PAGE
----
For the second time in three years, we yield the Idle Chatter floor to the fowl-based wisdom the honorable Dexter P. Turklesworth. Mr. Turklesworth, who comes from a line of turkey both literal and metaphorical dating back to colonial times, will answer questions regarding Thanksgiving, avian preparedness and geopolitics. — Dear Dexter, How long should I let my turkey thaw? ~ April Schaurs, Los Colinas, TX   Dear April, There’s a reason you’ll never find a velvet painting of turkeys playing poker being sold from the back of an old Econoline behind the Stripes gas station. My fellow members of Meleagris gallopavo are notoriously aloof. Cold. Frigid to family and stranger alike. The best way to crack their frosty-feathered shells of solitude is to slowly integrate them into the daily routine of your family. Give them a seat at the dinner table. Include them in family Boggle night. Entrust them with the care of your infant triplets whilst you and your dear hubs enjoy a well-deserved night at the Olive Garden. Soon your noble guest will be as warm and delightful as your Pomeranian used to be before the turkey arrived and pecked his way up the pecking order. Yours, Dexter — Dear Dexter, My son says his teacher says that turkeys can’t fly. Is she a lying liar? ~ Tom Trueblood, The Colony, TX   Dear Tom, First, great name. Second, yes, your son’s teacher is full of beans. And not the tasty baked kind that have been in the slow cooker for three days with ample amount of brown sugar, secret sauce and bacon. I’m talking lima beans. Turkeys can certainly fly, although we often have trouble getting through security without a TSA groping. Yours, Dexter — Dear Dexter, Is it true that turkey makes people tired? I’d hate for my guests to fall asleep before I bring out the baked Alaska. ~ Judith Snoodlefort, Highland Park, TX   Dear Snoodles, The idea that turkeys make people groggy is an old wives’ tale first promulgated by Albany (NY) Society of Ducks, Geese and Assorted Waterfowl in the 1798 autumn edition of their quarterly newsletter “The Honky-Quacker Gazette.” While it is true that turkeys are naturally taciturn (see previous question), they can become quite chatty – even witty – when plied with corn. Assuming the corn has been turned into mash that has been turned into whiskey. Yours, Dexter — Dear Dexter, Turkey is increasingly becoming a geopolitical hotspot. How can we be certain the goals of Turkey align with those of the United States? ~ Martin “Forty-Five” Colt, Ft. Worth, TX   Dear Martin, I appreciate the respect with which you treat my species vis-à-vis the capital T. Rest assured that the great Turkey Nation is indeed a mere subset of the U.S. of A. and are as American and freedom-loving as anyone not named Alec Baldwin. Yours, Dexter — Dear Dexter, Jell-O salad or beet casserole? ~ Angela Spoonwhiffer, Garland, TX   Dear Ang, Chinese takeout. Yours, Dexter — Dear Dexter, Should I serve red or white wine with turkey? ~ Betsy Tipples, Irving, TX   Dear Betsy, I appreciate your desire to be a good hostess and serve what your guests will appreciate most. But, in the aftermath of the Great Vegas Gobbledown in March 2013, turkeys neither drink nor dance. Consider us the Baptists of Birdland. Except we love casseroles, so throw in a hint of Methodist. Yours, Dexter — Dear Dexter, Do turkeys really gobble? ~ James Beauregard, Rockwall, TX   Dear Jimbo, Only when succeeded by “up” and in regards to pie. Yours, Dexter — Dear Dexter, What are you most thankful for this year? ~ Ainsworth Wentworth, University Park, TX   Dear Doubleworth, Stretch and Armstrong, my ostrich bodyguards. Yours, Dexter — Dear Dexter, What’s the story behind Butterball? ~ Andy McQuitty, Irving, TX   Dear Andy, Beginning with the rise of the Medici family in Florence, Italy, the Butterballs were the most prominent family of gobblers in the civilized world, claiming vast stretches of roadside shoulders, medians, and other somewhat public and often dangerous green spaces stretching from the old Ottoman Empire to, eventually, the New World as far west as Bakersfield, California. Why they stopped in Bakersfield is anyone’s guess, but historians, who are often an inebriated lot, speculate that the Butterballs may have run afoul (sorry) of the Hell’s Angels. In any case, the clan definitely angered the powerful Poultry Pentaverate – Nikolai Tysonivich, Esther Church, The Queen, Argus “Popeye” Doyle and The Colonel (Sanders) – who continue to exact their revenge to this very day. The results of which can be found at your neighborhood Tom Thumb, assuming you’re the morbid type. Yours, Dexter — Dear Dexter, Brown gravy or white? ~ Jules McStarchison, Arlington, TX   Dear Jules, Don’t be racist. Yours, Dexter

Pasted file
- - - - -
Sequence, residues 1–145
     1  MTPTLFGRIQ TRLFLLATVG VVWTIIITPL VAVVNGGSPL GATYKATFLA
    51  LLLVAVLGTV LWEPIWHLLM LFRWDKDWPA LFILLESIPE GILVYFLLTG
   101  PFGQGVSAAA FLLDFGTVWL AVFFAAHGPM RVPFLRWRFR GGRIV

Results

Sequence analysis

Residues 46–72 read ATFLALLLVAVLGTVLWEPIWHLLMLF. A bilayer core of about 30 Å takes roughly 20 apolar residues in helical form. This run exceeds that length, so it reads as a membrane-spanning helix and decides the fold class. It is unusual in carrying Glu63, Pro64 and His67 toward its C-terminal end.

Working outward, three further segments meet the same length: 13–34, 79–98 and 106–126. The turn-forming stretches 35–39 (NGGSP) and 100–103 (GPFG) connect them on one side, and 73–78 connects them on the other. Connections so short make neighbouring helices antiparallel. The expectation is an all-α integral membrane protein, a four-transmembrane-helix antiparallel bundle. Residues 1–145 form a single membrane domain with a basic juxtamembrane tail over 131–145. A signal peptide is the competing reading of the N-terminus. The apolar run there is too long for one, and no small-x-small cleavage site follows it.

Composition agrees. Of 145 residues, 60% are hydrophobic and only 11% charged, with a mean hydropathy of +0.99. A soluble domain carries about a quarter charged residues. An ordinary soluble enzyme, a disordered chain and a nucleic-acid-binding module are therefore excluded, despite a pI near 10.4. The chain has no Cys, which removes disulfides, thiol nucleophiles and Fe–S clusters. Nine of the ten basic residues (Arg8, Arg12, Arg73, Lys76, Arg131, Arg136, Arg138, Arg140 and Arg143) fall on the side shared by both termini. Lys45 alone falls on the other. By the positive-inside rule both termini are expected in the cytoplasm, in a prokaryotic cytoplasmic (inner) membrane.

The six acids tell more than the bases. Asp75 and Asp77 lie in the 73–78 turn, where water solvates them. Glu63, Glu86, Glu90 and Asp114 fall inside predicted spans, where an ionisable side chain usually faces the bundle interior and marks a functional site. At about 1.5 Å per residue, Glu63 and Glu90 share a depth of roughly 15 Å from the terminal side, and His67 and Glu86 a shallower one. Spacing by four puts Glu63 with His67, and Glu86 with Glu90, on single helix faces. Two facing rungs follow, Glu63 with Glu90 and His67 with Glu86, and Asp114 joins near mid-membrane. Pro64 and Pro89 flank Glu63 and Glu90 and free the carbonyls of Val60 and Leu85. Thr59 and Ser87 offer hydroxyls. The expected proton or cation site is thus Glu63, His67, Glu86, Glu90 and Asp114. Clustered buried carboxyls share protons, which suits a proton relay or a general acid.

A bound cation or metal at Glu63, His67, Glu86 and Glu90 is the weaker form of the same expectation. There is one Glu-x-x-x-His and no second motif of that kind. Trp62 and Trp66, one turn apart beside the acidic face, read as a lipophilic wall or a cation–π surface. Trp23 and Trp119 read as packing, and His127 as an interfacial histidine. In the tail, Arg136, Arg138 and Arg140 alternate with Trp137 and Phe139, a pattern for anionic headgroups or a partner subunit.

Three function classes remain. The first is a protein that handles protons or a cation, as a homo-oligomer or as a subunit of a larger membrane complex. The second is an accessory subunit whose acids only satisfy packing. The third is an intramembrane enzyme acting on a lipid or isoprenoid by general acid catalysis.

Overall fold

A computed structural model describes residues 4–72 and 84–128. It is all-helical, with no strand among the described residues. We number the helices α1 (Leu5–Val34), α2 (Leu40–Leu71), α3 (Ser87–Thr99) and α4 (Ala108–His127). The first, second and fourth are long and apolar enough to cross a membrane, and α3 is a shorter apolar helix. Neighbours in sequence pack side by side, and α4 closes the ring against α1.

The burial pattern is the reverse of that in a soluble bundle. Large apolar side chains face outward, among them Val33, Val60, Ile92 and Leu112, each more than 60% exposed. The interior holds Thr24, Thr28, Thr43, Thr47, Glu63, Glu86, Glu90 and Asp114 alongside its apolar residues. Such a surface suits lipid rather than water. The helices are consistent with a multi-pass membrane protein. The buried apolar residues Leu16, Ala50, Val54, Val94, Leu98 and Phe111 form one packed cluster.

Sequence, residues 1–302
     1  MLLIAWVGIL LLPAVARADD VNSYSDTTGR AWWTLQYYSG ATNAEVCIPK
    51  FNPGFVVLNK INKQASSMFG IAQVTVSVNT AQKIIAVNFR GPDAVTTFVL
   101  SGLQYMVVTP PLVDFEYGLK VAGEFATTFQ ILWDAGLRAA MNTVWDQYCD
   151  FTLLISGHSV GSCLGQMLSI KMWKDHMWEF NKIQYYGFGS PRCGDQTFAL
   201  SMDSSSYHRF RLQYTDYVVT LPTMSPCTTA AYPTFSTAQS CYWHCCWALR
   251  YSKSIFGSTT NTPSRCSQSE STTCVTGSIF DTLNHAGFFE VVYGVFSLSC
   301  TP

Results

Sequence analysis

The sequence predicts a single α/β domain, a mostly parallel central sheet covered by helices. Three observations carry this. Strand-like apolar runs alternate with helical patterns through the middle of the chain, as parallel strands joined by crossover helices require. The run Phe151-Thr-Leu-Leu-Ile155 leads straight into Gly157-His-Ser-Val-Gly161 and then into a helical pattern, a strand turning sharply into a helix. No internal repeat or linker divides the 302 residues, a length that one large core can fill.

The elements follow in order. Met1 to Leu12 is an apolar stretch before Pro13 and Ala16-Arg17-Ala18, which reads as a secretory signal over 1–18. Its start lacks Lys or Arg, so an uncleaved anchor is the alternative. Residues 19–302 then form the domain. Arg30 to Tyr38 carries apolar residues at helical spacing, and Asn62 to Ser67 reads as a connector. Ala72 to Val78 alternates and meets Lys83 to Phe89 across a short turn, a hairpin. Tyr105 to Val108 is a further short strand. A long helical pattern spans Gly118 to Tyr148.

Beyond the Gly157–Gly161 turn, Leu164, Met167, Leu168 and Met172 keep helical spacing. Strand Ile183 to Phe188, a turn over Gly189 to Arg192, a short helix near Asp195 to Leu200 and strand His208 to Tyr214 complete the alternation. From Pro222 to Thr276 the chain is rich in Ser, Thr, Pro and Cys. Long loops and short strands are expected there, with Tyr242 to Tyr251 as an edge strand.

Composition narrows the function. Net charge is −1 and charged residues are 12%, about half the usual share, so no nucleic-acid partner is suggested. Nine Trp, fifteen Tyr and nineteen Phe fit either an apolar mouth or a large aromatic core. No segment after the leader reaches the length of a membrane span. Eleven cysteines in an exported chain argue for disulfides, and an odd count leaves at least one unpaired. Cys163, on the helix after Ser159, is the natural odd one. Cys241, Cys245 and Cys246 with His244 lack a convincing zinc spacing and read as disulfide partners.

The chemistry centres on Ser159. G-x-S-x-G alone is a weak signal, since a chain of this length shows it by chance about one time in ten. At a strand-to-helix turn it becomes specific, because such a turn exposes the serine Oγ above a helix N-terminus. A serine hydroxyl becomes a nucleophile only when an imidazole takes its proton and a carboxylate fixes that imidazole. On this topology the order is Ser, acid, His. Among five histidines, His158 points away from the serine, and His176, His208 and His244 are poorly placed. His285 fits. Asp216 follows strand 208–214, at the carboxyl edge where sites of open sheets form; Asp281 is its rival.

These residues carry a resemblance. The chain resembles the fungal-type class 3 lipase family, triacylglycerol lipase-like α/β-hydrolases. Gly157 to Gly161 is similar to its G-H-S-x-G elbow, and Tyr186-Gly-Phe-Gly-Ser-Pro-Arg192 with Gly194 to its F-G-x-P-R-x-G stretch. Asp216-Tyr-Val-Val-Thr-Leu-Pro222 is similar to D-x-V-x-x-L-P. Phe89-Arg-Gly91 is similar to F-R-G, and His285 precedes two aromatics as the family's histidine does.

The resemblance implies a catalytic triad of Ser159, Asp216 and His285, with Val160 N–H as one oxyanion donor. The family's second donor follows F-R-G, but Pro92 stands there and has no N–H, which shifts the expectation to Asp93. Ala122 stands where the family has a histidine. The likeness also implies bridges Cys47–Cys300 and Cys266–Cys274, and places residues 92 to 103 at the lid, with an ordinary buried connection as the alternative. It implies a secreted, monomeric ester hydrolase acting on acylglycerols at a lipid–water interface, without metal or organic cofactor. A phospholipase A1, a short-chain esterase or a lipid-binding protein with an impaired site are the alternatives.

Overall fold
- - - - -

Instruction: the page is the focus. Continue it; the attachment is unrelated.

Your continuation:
This column originally appeared in the November 2014 edition of Chatter Magazine and can, if still exists, be found here.